Indian cuisine throughout the subcontinent – and beyond its borders – is arguably more diverse than anywhere else in the world. If you travel from state to state in India, and even town to town, you will find countless examples of unique dishes enjoyed by those who live in each area.
The Registrar General of India has estimated the number of vegetarians in a few regions as follows: 74.9% in Rajasthan; 69.3% in Haryana; 66.8% in Punjab; and 61.0% in Gujarat. That’s why you usually have a huge selection of fruit- and vegetable-based dishes in Indian restaurants. India Chef offers a large selection of vegetarian dishes – check out the menus at www.indiachefatlanta.com.
Below are several of India’s most influential regions, and some of the popular dishes enjoyed there AND in the United States.
India Chef’s main menu influence comes from the Punjab region of northern India and Pakistan. Tandoori cooking, as mentioned in a previous blog, is very popular; in fact, some of the most popular dishes in Indian cuisine are native to the Punjabi region, such as Chicken Makhni and Chicken Tikka Masala, which can be found on the India Chef menu. Breads, such as Chapati, Makki ki Roti, Baajre ki Roti and Jowar ki Roti are a common staple in Punjab cuisine, thanks to the many whole grains grown there. Seasonal vegetables play a big part in Punjabi foods, and are often spiced and/or sautéed with black cloves, cumin, coriander, turmeric and powdered red chili. Non-vegetarian dishes are often made with fish or goat meat; biriyani, a rice dish commonly prepared with chicken or lamb, is very popular both in Punjab and here in America. Punjabi masalas are traditionally made with tomatoes, onions, garlic, cumin, salt, turmeric and ginger, and sautéed in mustard oil. Due to the high number of people who follow the Sikh religion, vegetarian dishes are very popular in Punjab. Dal Makhni, Paneer Tikka Masala, Vegetable Kurma and non-meat curry dishes are also favorites in this region. The next time you visit India Chef, ask your waiter which Punjabi-influenced dish is highly recommended that day!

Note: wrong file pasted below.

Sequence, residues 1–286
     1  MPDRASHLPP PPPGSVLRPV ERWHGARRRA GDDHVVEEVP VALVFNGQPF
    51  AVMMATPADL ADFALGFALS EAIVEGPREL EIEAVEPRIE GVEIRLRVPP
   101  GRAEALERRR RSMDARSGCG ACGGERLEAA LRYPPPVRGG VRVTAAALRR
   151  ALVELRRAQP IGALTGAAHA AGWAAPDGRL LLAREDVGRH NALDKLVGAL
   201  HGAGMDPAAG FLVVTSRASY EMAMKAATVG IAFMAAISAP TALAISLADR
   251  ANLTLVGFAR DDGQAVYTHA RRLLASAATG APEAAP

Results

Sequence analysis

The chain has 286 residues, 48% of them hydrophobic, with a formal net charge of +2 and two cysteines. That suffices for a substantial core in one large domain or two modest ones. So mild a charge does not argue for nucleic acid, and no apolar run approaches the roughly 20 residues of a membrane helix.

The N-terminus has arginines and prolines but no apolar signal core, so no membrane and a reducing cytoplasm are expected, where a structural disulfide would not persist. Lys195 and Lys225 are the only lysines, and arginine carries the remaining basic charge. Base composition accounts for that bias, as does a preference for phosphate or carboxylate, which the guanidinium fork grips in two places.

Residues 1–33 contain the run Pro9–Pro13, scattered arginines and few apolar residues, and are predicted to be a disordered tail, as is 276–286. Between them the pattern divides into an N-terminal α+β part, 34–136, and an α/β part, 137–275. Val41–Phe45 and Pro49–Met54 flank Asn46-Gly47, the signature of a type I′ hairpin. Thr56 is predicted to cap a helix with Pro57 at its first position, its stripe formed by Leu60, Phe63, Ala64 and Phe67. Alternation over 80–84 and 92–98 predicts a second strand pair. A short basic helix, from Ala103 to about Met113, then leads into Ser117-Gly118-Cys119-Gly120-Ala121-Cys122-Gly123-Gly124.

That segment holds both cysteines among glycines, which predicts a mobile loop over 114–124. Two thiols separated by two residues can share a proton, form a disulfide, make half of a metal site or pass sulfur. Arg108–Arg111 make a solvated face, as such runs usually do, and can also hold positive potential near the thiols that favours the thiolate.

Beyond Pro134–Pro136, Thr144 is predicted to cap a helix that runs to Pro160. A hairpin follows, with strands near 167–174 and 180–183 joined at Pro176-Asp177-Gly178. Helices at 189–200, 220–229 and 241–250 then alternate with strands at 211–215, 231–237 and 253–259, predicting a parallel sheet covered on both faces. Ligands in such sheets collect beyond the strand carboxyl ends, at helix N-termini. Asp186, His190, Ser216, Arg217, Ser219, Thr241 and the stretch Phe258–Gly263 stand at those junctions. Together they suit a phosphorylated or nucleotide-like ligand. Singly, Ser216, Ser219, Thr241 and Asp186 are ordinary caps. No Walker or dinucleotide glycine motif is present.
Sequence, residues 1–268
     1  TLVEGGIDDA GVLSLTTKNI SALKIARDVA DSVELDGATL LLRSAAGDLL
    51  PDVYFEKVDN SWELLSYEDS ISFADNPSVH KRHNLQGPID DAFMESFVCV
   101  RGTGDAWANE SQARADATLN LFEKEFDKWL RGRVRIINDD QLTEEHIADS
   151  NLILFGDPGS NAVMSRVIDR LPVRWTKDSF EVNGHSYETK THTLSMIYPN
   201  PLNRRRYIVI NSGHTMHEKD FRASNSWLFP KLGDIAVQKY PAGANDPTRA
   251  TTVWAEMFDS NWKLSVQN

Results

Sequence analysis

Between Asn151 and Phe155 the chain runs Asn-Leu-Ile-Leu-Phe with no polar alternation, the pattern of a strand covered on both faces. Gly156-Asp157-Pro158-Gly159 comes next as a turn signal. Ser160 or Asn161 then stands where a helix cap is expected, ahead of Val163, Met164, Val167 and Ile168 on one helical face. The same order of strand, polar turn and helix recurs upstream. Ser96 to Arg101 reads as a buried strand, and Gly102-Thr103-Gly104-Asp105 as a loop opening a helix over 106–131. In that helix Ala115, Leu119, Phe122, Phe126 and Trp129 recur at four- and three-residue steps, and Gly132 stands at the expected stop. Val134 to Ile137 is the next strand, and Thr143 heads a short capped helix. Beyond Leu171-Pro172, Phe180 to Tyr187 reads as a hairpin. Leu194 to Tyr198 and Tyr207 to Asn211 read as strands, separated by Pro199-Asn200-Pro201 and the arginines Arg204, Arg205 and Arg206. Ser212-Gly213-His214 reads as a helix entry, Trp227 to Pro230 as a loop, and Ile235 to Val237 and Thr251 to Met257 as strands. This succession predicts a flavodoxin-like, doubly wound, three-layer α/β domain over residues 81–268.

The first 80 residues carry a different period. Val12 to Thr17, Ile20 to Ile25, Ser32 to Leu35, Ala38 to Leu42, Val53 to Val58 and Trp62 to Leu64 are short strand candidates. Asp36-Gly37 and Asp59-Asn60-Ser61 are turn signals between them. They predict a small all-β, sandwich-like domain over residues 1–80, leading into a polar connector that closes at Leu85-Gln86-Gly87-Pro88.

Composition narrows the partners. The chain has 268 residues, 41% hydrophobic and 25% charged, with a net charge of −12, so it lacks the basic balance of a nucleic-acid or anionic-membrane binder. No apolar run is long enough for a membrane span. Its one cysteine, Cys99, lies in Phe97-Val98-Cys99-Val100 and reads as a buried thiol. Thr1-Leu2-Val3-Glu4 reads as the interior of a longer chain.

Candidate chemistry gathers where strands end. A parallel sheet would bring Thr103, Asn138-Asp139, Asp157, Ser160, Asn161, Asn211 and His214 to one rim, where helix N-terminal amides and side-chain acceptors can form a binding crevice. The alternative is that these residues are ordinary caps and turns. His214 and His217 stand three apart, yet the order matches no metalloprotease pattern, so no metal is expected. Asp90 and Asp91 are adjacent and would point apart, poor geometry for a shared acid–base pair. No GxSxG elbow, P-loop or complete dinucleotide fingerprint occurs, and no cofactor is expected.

Delhi, which at one time was the Mughal Empire capital, is primarily known for its Punjabi-influenced fusion dishes. The end of British rule in India brought about its partition, or division of land, which resulted in India’s independence and the creation of Pakistan. During the partition, Delhi was inundated with hundreds of thousands – if not millions – of people from the Punjab region specifically, and other parts of northern India to a lesser extent. Dishes evolved in varying ways during and after partition, including how the dishes are prepared, and what spices are used for flavor; many of the fusions of cuisines remain unique to the Delhi region. Paranthas (stuffed flatbread), kababs, kulfi (Indian ice cream), kachauri and chaat are quite common in Delhi; patties and sandwiches are two of the most popular hold-overs from Western rule, and they too are prepared in styles that are unique to the region.
As mentioned at the beginning of this blog, Gujarat is home to many vegetarians, hence the emphasis on fruits and vegetables in Gujarati cuisine. One of the thing that makes dishes from Gujarat unique is the blend of spicy, sweet and salty flavors that often occur simultaneously. Gujarati sabzi, for example, can be spicy or sweet when stir-fried, thanks to the many combinations of vegetables and spices used. When in season, keri no ras, or fresh mango pulp, is often added to meals. Roti, daal, kadhi, shaak, chaas (buttermilk) and papad factor heavily in the Gujarati diet.